A Hutchings coal unit deactivated, others basically dead units walking

Dayton Power & Light (DP&L) deactivated the 62-MW OH Hutchings Unit 4 on June 1, with the other five coal units at the Ohio plant due to be deactivated by June 1, 2015, said updated lists of pending and executed deactivations issued June 4 by PJM Interconnection.

The deactivation of Hutchings Unit 4 has been the first for a power generating unit in the PJM region since the Jan. 1 deactivation of the 3-MW Schuylkill Diesel facility, the PJM list of finished deactivations shows.

The list of pending deactivations shows that Hutchings Unit 1 (53 MW), Unit 2 (50 MW), Unit 3 (59 MW), Unit 5 (58 MW) and Unit 6 (57 MW) are due to be shut down by June 1, 2015. PJM indicated that there are no grid reliability concerns that would impede those deactivations.

The current deactivation list for PJM holds a total of 11,354.5-MW of capacity, most of it coal-fired, that would be shut out through 2015.

The PJM pending deactivation list related to Hutchings is a bit misleading. DP&L has informed PJM that Hutchings Unit 4 has incurred damage to a rotor and will be deactivated June 1 and that the remaining Hutchings coal units will no longer be operated after May 2013 and will be deactivated by June 1, 2015, said parent DPL Inc. in its Feb. 27 annual Form 10-K report.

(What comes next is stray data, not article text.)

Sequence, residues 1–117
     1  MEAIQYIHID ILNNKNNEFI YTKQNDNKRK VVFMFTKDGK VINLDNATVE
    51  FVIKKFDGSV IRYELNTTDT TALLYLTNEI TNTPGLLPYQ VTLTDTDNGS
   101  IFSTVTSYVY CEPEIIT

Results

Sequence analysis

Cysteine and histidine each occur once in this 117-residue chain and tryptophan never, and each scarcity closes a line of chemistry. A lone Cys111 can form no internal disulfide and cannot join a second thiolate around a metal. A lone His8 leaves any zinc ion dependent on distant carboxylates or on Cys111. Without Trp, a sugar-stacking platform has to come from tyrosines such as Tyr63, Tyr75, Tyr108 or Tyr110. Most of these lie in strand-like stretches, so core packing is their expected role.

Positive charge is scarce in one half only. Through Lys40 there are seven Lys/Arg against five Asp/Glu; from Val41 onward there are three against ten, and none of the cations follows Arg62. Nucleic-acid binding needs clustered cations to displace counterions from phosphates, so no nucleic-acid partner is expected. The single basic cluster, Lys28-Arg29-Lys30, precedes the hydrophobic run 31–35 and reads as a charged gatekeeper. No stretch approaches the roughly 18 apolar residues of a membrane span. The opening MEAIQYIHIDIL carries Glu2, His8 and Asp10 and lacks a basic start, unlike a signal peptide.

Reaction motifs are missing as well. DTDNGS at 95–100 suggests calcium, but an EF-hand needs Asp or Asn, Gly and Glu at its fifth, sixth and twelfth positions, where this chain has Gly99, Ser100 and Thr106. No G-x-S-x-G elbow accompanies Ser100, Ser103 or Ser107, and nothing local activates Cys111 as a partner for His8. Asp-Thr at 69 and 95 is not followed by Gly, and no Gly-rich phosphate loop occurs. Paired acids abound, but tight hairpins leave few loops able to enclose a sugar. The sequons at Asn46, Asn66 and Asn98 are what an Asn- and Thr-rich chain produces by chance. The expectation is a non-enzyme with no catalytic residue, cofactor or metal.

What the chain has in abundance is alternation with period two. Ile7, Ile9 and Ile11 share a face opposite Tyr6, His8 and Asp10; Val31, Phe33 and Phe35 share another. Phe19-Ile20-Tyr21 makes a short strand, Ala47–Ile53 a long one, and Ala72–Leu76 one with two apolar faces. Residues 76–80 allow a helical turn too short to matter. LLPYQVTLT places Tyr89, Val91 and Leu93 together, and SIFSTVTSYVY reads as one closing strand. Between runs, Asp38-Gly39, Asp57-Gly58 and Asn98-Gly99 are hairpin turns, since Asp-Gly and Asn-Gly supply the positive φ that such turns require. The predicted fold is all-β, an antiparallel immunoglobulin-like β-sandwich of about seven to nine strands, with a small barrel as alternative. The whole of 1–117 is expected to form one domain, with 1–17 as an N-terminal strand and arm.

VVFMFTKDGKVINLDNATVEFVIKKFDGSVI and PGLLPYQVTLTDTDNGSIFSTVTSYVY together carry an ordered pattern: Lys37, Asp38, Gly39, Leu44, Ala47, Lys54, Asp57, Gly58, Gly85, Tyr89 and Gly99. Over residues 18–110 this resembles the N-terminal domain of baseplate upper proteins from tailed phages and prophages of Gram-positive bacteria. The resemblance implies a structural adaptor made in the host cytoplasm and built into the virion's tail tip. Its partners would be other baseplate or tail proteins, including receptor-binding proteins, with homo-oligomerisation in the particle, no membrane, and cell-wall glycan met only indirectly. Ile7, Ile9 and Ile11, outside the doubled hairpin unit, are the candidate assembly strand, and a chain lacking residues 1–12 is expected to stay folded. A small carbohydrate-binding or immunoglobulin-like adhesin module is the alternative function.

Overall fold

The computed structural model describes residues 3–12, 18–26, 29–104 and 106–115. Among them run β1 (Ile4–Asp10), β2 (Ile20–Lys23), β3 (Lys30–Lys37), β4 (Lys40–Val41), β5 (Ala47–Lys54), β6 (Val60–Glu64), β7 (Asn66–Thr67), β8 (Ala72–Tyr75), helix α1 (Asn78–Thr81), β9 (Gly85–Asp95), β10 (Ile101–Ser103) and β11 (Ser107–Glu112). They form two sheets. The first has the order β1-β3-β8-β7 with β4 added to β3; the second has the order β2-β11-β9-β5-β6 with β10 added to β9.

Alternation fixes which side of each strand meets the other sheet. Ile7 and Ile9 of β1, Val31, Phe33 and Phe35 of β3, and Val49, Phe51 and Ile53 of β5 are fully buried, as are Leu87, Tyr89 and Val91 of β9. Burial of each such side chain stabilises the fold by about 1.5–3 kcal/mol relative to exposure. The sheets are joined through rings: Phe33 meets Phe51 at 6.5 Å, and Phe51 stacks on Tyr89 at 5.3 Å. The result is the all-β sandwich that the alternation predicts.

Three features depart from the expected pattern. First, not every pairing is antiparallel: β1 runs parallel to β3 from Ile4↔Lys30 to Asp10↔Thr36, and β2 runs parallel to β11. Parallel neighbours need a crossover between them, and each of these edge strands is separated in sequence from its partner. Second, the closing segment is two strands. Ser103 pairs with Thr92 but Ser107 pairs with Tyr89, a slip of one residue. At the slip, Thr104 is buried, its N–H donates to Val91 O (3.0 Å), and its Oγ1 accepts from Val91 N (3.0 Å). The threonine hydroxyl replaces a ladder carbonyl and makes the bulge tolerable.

Hutchings is a 365-MW (summer) coal plant, owned entirely by DP&L, that is located at Miamisburg, Ohio. Its retirement, due to age and new emissions control burdens, has been expected for some time. DPL Inc. is a unit of AES Corp. (NYSE: AES).

About Barry Cassell 20414 Articles
Barry Cassell is Chief Analyst for GenerationHub covering coal and emission controls issues, projects and policy. He has covered the coal and power generation industry for more than 24 years, beginning in November 2011 at GenerationHub and prior to that as editor of SNL Energy’s Coal Report. He was formerly with Coal Outlook for 15 years as the publication’s editor and contributing writer, and prior to that he was editor of Coal & Synfuels Technology and associate editor of The Energy Report. He has a bachelor’s degree from Central Michigan University.